Somewhere between sweeping the hall and getting my mop out, the steady rain turned to snow. Slushy snow, at first, more wet than icy. It dropped, novel and clean, onto the muddy lawn. The grey clouds turned from something dull to something special.

By the time I was rinsing my bucket I had trodden a definite path between the back door and the standpipe. The flakes, huge and heavy, redecorated my jumper and, uncertainly, the garden turned from green and brown to white and brown, and then pure white.

Nobody had expected it to snow. It was far too wet for it to stick. But it did so anyway, for an hour or two. My forlorn garden, the village rooftops, even the street outside looked lovely.

By the time I met Fliss in town it had long since melted. The ragged heaps of slushy brown, pushed irreverently to one side, had shrunk away in the sunshine. I took Fliss to the bakery to buy Chelsea buns for tea, and as we cycled home she pointed out tiny islands of white, hiding in the shade, dripping from low bushes.

It was only she and I, that afternoon. She laid and lit the fire as I warmed the pot and set our favourite tea things on the tray. I thought about the baby girl I had visited that morning, and about this girl of mine, old enough for matches and strong tea. I watched her over the rim of my cup as she nibbled her bun, engrossed in her book, and tried to remember her as a little thing, and almost couldn’t.

The rest of them trickled home, one by one, beneath the setting sun. Ben on his bicycle, squash racquet slung over one shoulder, satchel heavy with books. Isle, brought home by the mother of a little friend, having had a tea party of their own. Seb, with John, after an early evening jaunt in town. They had a present for me, a flat shape in a paper bag. A recording of a fantasie by Telemann: number three, to be precise. The fantasie I have been battling with for several weeks now, unable to turn the relentless semi-quavers into music.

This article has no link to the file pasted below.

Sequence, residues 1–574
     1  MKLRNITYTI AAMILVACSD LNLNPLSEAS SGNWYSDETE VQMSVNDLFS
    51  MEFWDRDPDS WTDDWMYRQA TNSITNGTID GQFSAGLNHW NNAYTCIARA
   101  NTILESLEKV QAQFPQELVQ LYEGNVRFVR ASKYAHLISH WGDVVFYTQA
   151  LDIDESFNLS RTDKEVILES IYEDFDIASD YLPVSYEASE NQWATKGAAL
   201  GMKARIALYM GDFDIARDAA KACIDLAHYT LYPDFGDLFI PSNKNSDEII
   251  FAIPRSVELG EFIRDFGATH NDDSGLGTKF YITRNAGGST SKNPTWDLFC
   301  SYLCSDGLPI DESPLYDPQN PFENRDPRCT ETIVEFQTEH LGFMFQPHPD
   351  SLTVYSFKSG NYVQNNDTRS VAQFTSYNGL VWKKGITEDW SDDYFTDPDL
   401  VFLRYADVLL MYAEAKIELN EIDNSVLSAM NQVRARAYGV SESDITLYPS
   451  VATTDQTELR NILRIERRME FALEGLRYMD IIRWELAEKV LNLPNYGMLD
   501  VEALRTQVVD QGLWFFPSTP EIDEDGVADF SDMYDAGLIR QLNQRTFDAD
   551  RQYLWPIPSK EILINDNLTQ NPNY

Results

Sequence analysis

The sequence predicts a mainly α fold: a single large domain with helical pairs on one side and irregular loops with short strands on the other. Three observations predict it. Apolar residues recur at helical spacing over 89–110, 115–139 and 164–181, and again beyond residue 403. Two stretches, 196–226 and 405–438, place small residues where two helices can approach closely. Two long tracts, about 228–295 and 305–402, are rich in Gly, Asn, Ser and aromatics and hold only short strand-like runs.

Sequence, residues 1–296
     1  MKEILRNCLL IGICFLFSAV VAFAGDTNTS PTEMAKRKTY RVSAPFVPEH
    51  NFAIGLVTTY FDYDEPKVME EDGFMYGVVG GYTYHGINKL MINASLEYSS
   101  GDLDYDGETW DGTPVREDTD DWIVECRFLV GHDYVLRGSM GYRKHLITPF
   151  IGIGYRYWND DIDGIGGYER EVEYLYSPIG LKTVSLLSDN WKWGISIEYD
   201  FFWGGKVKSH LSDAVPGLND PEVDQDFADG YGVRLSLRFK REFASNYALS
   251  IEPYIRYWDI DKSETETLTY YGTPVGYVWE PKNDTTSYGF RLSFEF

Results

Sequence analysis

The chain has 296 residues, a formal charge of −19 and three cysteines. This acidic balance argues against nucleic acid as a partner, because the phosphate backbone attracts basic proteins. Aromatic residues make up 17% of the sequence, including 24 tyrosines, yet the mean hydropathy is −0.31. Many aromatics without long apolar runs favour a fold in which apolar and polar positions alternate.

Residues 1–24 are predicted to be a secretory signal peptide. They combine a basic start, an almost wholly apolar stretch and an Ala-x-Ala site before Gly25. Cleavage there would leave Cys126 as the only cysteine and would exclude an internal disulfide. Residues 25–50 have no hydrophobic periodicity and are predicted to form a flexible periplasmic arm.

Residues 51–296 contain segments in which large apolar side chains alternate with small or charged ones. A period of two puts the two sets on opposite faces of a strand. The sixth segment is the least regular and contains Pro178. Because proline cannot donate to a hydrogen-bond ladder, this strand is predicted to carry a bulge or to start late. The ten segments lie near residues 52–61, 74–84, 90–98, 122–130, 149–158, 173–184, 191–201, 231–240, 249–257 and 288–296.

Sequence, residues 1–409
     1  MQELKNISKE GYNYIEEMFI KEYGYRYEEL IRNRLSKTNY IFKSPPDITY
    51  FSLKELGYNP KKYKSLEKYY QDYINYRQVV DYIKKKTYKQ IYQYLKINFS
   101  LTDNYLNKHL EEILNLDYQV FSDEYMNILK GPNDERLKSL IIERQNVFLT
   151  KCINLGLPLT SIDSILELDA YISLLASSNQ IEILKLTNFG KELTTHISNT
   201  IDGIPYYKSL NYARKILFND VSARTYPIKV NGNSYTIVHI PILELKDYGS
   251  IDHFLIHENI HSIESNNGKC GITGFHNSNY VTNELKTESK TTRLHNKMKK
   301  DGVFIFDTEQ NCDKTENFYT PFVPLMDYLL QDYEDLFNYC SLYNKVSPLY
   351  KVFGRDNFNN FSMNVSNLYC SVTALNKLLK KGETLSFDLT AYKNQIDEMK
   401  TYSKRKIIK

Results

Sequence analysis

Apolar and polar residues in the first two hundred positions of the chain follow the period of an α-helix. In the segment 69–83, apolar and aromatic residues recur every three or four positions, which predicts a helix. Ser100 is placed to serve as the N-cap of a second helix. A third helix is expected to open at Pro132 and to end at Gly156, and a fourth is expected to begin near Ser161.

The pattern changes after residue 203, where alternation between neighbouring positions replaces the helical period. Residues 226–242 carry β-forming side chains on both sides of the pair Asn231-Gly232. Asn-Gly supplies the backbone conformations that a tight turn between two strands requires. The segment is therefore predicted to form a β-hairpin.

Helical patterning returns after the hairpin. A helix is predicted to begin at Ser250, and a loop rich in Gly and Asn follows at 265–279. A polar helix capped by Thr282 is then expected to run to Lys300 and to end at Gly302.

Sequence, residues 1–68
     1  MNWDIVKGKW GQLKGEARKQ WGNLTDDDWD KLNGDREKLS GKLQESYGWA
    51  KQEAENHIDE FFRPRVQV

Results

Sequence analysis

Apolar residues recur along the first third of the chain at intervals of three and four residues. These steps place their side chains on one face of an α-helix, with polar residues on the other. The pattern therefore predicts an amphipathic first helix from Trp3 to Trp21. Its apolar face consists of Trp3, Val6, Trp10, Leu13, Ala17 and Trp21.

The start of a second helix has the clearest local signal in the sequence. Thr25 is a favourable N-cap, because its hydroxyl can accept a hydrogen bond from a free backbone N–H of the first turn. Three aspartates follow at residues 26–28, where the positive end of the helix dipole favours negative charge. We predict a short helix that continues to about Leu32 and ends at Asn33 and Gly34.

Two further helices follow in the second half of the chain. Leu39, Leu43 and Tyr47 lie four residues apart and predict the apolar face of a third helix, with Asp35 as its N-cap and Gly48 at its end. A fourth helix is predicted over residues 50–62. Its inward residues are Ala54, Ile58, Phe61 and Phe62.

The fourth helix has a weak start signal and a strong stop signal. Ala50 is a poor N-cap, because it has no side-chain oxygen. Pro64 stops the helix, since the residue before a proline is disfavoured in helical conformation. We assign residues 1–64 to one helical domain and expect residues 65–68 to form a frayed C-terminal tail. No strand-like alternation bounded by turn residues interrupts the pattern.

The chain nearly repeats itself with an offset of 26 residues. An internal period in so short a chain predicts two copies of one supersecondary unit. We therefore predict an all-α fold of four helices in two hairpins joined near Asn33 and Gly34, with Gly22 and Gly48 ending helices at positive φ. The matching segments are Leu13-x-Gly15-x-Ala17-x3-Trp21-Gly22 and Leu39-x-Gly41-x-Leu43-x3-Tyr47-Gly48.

I settled the needle onto it and set it turning while the potatoes boiled. And then, I heard how it should be done.

We played it again during supper, and once more afterwards, while I looked at the notes on the page. Now I saw them with fresh eyes. Not groups of four, marching up and down the stave, but threes and fives and, every now and then, a pause. Phrases. Consciousness.

I had a go, mimicking what I had heard, and what had been an excercise in reading accidentals became having a go at a piece. This was fun. Wobbly, far from perfect fun. Thank goodness for fresh eyes.

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— March 3, 1931

One thought on “Fresh eyes

  1. As a child, I well remember watching wet snow fall in March. The only thought in my head as I sat at my school desk was whether or not it would last until playtime. If it did, I’d tear out of the door to build snowman and throw a snowball before it turned to slush. Now it is the change in sounds I hear and the dazzling light that I savour. The muffling of the hurly-burly of the daytime world and the glorious brightness at the end of a long, dark, wet winter.

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